I got the working man blues.

Is it really only week 2?  Maybe a bit more 3ish, but time has a new meaning here and even with a watch, it’s hard to tell.  Some things go quickly, like watching a cloud slide down the mountain in seconds, while waiting in line at the little market can take long enough to memorize an entire aisle of unfamiliar brands of foods I may or may not try.  There is a timing here that is very relaxed and unhurried, yet you wouldn’t know it from the erratic driving of local drivers.  
Our days have fallen into a rhythm of a little work each day and lots of time to digest the effects of said work.  The little casita had a leak, so we took all the ceiling sheetrock down to find where the water was coming in.  Dennis is trying to avoid a new roof, but we trekked into David anyway to visit the construction supply stores.  We have been regulars, like most of the other expats, at Do-It Center, but decided to go to a local store, Hofsa, frequented by the  local folks of the area. Better prices and more choices.  We checked on roofing and ceiling materials and will make a decision soon as to whether or not we can do this on our own.  Labor is inexpensive and Dennis needs a helper, as I am somewhat of a bust when it comes to the heavy lifting and climbing of very tall ladders.  We have lined up a guy named Hechol to help him if we go that way.  
Tearing all the sheetrock down left us with a pretty good size pile on the patio, along with branches we have trimmed around the place, so a phone call to Leopoldo got us a truck and workers (Dario and Ullyses)  to haul it away and, as a bonus, the workers hauled an old mattress and some over stuffed chairs away for donation to the Indios in the area.  Yipee!  Bye bye mess.
We have a gardener now.  His name is Alfonso, and looks to be around 70 years old.  He lives down the road from us with his younger wife and children.  He is very patient with our limited Spanish (he speaks no English at all) and we are so grateful for his knowledge and expertise of the plants in the area.  He worked for 6 hours and will come back this week sometime to finish some trimming.  Things grow very quickly in the tropics and I am hoping Alfonso will agree to become a regular around here.  I want to get a vegetable garden in and plant some bushes and build a great little herb tower I saw on Pinterest.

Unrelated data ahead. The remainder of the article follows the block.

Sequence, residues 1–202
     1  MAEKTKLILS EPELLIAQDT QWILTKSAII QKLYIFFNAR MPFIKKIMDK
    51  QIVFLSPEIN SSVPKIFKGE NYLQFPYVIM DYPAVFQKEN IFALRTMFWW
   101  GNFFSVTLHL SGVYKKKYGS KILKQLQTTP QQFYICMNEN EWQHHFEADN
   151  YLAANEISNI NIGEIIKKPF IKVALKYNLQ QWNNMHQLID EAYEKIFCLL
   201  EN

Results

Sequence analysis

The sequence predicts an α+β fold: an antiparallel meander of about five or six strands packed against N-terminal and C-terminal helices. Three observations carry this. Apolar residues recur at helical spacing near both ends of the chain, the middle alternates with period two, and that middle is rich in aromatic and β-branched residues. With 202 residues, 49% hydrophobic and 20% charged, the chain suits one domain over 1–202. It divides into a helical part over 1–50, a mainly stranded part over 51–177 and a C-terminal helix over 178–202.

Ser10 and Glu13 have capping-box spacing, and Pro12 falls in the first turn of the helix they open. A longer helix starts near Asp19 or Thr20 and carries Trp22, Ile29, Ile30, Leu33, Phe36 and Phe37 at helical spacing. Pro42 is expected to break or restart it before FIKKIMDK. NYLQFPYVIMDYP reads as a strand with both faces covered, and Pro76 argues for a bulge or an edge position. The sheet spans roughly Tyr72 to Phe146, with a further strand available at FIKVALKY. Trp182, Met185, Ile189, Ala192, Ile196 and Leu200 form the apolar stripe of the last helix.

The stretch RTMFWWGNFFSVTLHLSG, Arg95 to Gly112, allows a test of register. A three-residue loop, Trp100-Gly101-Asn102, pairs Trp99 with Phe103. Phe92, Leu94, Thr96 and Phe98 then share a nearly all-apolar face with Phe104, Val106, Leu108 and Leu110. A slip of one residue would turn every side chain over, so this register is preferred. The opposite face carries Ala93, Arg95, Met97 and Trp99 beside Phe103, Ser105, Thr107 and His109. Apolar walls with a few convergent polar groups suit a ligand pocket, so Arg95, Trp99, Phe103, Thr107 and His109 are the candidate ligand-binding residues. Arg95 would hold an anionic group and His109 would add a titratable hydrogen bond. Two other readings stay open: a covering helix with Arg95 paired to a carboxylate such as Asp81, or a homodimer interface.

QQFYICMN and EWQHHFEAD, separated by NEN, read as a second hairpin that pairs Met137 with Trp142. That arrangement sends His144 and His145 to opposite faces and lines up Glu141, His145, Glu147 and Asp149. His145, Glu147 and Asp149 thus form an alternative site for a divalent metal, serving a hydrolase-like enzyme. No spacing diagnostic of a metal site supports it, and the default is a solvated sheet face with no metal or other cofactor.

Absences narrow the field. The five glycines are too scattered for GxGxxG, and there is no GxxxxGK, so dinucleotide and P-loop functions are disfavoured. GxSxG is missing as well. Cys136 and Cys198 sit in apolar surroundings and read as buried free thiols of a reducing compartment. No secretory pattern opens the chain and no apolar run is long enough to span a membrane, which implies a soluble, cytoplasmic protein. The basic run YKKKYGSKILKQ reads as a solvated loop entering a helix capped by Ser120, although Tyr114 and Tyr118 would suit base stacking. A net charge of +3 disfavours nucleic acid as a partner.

Still no internet at the house, but we signed up to have it installed sometime this week.  The library has free internet, but it is sporadic at best, and we found a good alternative.  At Amigos, a local hangout, they have free wifi (muy rapido) and you can have a glass of wine to boot.  Way better than the library in my book (no pun intended) ***UPDATE:  Internet installed today.  Yay!  ( Although I will miss the wine with my wifi.)
We’re having a lot of fun finding new stores and each day is a treasure hunt to find what we need.  It’s amazing how little we really need.
Today was the monthly flea market and we drove over to Porterillos to check it out.  Friends Jim and Leisa joined us and introduced us to more people who have moved into the area.  I didn’t find anything I needed, but met a fellow from Seattle who has just moved here with his wife.  He is a chiropractor and she is a yoga teacher.  (Choirs are singing halleluliah.) We chatted a bit, and lo and behold, he knows a surfer friend of ours from Santa Fe in Veraguas and we immediately had a wonderful connection.  We talked of a study/meditation group and finding some like minded folks interested in getting together.  I had put this out to the universe and she lovingly replied with perfect timing.  We gave Bruce a ride home, made a quick stop at the Canasta Basica, our neighborhood market, bought some eggs and coffee beans, and the friendship was sealed.  I AM OPEN TO NEW EXPERIENCES.

About Rona True

Welcome to my blog. My name is Rona and I live here in Boquete, with my husband, Dennis. I've been keeping an online 'journal' of our adventure moving to Panama as a way to stay in touch with friends. As the universe is wont to do, my path crossed with some serious bloggers who have been encouraging me to step it up a bit with my technology, and so here I am; a novice blogger with a penchant for the spiritual path. Panama is a perfect place to recover the pieces I left along the way as I raised a family, had a career in teaching, and generally followed the 'responsible' road. I travel a new road now and each day brings a new awareness. Panama is a land which brings the senses alive. The culture, warmth of its people, sights and sounds are the stimulus for my journey. Without my incredible husband, this would not be possible. We breathe the same air on this adventure and I invite you to come along for the ride.
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